Despite all of the aforementioned research into, and emerging translational applications of, complex systems methods, there has been little success in mechanistically connecting inflammation and physiologic variability. Our long-term goal is a systems understanding of sepsis that will allow us to unify the pattern-based, diagnostically relevant use of physiological waveforms with the increasingly detailed, mechanistic understanding of acute inflammation in order to improve therapy for sepsis. At present, however, patterns of physiologic signals and inflammatory mediators are, at best, statistically associated with changes in organ function and overall health status.126 We suggest that these processes need to be viewed from a dynamic, mechanistic standpoint, and that the missing ingredient in many current research endeavors is the ability to connect multidimensional data with underlying biological and physiologic mechanisms. In short, we are not satisfied with associations and correlations between patterns of signals and disease state; we seek to understand the generative processes by which those signals arise. We suggest that translational systems biology is the path to representing this critical connectivity, an approach that involves mechanistic mathematical modeling with a clinically translational focus.67,71–75 We view both inflammation and physiologic variability from a “Goldilocks” perspective, i.e., too little or too much of either is a hallmark of disease, and our engineering focus104 has led us to suggest that we need to understand the control architecture involved in balancing inflammation and physiologic demands. We hypothesize that breakdowns in the control architecture and connectivity lead to the myriad derangements associated with sepsis, and that these failure modes can be described and quantified in order to separate critical signals from “red herring” signals that arise from the inherent system architecture (Fig. 1). We suggest that future sepsis research would be greatly enhanced by developing approaches to bridge the gap between cellular-molecular mechanism and clinically relevant physiological phenomenon, hopefully leading to a solid mechanistic foundation to diagnostically relevant changes in physiologic waveforms and patterns of inflammatory mediators.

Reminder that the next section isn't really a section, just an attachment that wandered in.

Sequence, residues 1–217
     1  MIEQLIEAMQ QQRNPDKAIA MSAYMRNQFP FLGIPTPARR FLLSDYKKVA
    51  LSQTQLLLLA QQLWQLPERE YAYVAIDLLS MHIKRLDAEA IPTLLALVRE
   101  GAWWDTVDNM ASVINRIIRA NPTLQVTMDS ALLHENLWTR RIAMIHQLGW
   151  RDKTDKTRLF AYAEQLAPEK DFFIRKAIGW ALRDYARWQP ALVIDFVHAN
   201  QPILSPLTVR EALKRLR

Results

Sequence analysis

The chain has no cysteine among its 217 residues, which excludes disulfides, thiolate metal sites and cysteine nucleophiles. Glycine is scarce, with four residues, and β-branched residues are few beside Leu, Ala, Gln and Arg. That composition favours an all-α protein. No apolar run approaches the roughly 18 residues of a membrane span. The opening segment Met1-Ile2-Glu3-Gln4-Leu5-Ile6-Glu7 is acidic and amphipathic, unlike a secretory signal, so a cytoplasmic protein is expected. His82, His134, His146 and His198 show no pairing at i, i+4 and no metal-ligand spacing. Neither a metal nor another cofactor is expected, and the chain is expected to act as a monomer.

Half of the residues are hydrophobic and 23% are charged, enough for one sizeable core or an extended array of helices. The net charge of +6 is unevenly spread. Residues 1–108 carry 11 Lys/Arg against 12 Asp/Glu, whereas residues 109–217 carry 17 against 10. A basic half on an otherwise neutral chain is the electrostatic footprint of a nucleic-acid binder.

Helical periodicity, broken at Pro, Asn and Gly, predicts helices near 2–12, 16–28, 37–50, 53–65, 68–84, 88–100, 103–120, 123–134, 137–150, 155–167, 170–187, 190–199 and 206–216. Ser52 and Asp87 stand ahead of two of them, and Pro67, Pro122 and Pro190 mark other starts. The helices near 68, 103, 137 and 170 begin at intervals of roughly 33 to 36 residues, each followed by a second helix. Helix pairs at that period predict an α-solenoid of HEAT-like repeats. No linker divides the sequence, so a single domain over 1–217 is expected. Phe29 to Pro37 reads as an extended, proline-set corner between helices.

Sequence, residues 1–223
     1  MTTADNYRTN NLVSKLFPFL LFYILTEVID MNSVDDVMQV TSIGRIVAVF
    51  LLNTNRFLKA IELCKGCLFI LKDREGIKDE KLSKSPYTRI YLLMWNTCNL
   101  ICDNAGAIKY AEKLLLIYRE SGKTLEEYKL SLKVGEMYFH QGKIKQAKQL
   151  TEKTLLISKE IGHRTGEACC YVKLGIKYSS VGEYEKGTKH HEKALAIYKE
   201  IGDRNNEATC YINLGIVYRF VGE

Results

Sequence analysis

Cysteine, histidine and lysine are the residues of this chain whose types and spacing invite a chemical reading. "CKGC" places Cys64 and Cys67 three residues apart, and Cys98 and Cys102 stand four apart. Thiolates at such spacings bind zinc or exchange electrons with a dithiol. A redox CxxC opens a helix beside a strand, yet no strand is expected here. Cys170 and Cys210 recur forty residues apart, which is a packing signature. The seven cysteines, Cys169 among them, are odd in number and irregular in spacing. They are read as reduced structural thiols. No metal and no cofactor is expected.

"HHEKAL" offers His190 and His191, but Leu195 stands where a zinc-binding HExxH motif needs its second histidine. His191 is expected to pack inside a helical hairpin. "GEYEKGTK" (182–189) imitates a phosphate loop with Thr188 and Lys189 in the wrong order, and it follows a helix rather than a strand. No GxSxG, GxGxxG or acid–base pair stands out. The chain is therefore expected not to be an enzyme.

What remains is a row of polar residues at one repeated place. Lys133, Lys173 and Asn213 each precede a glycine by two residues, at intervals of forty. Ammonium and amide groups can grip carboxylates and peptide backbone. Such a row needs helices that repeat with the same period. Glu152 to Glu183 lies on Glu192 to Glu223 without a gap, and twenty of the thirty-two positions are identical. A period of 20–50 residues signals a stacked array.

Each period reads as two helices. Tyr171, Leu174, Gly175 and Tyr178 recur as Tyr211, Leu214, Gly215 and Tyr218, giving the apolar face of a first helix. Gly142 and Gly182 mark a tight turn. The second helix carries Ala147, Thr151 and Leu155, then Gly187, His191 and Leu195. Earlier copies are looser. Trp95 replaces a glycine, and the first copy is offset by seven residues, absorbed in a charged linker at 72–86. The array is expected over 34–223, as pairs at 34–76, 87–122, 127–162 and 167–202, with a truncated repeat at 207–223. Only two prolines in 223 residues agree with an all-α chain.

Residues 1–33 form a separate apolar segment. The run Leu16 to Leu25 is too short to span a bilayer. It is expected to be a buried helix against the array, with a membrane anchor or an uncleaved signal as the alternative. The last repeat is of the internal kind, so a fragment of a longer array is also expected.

There can be little doubt about the potential future societal impact of sepsis.1,2,6,13 As with virtually all aspects of sepsis, the difficulties clinicians face in the future are due, ironically, at least to some degree to the prior successes of the very same clinical community: the consequences of their successes are that people are now older and generally sicker when they reach the ICU. The advances in mechanistic understanding associated with the pathophysiology of sepsis are also impressive, but these advances, too, have often only served to complicate matters: we now recognize that “sepsis” is not one clinical entity, but rather a broad and heterogeneous spectrum of acute systemic inflammation. Any rational approach to the challenge of sepsis and related disorders requires the ability to parse out the clinical population into more mechanistically defined subgroups; it is only then that effective interventions might be designed and implemented with a nonrandom chance of success (in contrast to the past 25 years of attempts at therapeutic intervention in sepsis).